The sacking of Gernot Rohr as the head coach of the Super Eagles a few days ago did not come as a surprise to many keen watchers of Nigerian football. His disengagement from the national team can be regarded by many as good riddance to bad rubbish having literally killed Nigerian football with his lackluster performance. However, the sack came a little too late. Much harm has been done before the sack. For the woes that befell Nigerian football under Rohr’s watch, the Franco-German national cannot be entirely blamed. He cannot be said to be responsible for all of them. Some known and unknown faces have been unduly interfering in the running of our football hence the poor development of the game in Nigeria.
Before Rohr, our football fortunes had been on a steady decline. Rohr only helped to bring it to its knees probably because of his seeming poor grasp of the round leather game or our players or the Nigerian Football Federation (NFF) or all of the above joined together. Why was Rohr employed in the first place after his not too impressive outing in Burkina Faso? Why do we often despise and even demonize our local coaches? Why do we prefer foreign coaches, especially third rate ones? Besides, the politicization of football in Nigeria and the way some of the coaches are treated by the NFF also added to the woes of the game. How many coaches can give their best under the excruciating working conditions, including being owed salary for months and sundry allowances? Only a third rate foreign coach can tolerate such a shambolic treatment. Admitted that Rohr was part of Nigeria’s football problem, those in charge of our football, the NFF, are more the major culprits. They have stubbornly refused to develop our football despite suggestions by concerned Nigerians and football experts on the way forward for the game.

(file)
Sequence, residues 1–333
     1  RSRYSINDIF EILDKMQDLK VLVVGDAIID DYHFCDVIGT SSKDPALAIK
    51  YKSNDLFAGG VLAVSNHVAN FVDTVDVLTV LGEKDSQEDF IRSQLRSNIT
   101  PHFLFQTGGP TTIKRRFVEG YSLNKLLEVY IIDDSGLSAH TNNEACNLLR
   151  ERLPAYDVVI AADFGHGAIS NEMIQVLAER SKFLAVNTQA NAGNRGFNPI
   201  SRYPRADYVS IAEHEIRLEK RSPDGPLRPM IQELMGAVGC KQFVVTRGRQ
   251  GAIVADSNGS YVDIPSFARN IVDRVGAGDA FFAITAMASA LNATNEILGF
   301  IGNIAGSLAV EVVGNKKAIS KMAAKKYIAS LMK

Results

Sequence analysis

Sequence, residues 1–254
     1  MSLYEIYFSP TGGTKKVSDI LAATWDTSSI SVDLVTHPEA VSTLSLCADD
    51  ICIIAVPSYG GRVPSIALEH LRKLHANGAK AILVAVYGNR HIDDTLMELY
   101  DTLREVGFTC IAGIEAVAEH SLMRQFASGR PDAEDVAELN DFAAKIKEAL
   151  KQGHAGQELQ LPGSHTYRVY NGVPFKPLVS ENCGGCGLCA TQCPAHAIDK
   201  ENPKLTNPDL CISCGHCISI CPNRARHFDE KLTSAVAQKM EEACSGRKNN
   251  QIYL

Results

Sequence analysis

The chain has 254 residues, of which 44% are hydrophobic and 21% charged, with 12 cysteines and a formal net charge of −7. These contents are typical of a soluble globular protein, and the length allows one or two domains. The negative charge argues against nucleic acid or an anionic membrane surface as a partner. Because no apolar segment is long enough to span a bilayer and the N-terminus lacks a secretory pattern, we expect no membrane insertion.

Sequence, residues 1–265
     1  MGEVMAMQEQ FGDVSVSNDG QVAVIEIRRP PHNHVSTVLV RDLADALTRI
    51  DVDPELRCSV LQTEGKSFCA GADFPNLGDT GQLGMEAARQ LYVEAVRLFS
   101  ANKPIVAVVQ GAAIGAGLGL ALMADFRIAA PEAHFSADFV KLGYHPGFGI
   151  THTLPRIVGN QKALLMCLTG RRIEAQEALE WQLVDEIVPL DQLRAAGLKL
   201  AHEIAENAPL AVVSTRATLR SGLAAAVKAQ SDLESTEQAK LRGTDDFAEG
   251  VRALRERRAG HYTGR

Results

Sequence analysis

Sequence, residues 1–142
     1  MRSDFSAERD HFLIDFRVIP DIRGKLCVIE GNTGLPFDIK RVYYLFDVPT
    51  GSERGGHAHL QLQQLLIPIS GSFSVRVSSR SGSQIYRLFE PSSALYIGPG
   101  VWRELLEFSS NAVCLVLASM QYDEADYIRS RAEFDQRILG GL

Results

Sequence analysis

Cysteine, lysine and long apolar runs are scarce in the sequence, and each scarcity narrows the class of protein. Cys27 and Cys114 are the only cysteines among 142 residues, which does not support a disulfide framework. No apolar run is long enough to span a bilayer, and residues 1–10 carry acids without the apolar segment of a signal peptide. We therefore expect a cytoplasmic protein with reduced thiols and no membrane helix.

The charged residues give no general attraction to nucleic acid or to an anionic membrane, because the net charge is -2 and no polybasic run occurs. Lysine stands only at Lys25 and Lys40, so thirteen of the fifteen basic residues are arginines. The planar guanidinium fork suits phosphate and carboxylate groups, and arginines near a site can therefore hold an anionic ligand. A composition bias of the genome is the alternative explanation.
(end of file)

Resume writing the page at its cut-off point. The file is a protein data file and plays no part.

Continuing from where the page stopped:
Therefore, it is a puzzle that Rohr managed the team for about five years having been engaged in 2016 and achieved the little he could for the team. But much harm had been done to our soccer by those who profit from our football failures. Without doubt, it will take years, I mean many years to repair the damage caused by the coach and his handlers to the team and the development of soccer in Nigeria. NFF President, Amaju Pinnick, stated that Rohr was sacked to avert an impending disaster in our football. However, I hasten to add that the disaster has already happened before the sack. In other words, the sack was belated.
Rohr’s sack at this point in time will definitely have some consequences, for good or for bad. His disengagement is going to affect our football, especially competitive games ahead. The news that Rohr is assembling a legal team to challenge NFF over compensation claims shows that more troubles are in the waiting for our football. We hope it won’t get to FIFA level. Moreover, the new technical team hurriedly set up is in the manner of our doing things, always ad hoc, and fire-brigade approach. Although I have deep respect for members of the interim technical crew but I think that it is crowded. Too many cooks will spoil the broth, even though they are all experts in their own right, in their specific departments of the round leather game. Although I am not a football freak but Rohr is not an example of my typical coach. As a new convert to the Premier League and the Champions League, Jurgen Klopp is my ideal coach. I admire Klopp’s ability to read a game and make wonderful adjustments and achieve great results. Rohr’s reading of matches is always anti-climatic, always producing the opposite effect. His team selection is nothing to write home about. He stays more outside than in Nigeria where he is supposed to stay and build a formidable team and scout for new talents that will feed the Super Eagles.